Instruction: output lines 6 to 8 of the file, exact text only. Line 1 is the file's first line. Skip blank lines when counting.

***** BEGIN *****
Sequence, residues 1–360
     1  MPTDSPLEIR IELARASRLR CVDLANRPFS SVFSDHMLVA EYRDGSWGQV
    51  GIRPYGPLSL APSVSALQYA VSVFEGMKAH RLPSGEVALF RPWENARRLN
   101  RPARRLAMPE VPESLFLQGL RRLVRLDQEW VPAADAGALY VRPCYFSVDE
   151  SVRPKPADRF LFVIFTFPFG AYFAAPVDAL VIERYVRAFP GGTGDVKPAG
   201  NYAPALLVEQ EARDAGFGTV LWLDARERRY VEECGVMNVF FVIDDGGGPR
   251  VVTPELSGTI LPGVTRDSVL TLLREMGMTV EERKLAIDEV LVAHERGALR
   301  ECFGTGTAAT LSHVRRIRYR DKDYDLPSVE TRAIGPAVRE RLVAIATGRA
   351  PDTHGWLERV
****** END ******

   201  NYAPALLVEQ EARDAGFGTV LWLDARERRY VEECGVMNVF FVIDDGGGPR
   251  VVTPELSGTI LPGVTRDSVL TLLREMGMTV EERKLAIDEV LVAHERGALR
   301  ECFGTGTAAT LSHVRRIRYR DKDYDLPSVE TRAIGPAVRE RLVAIATGRA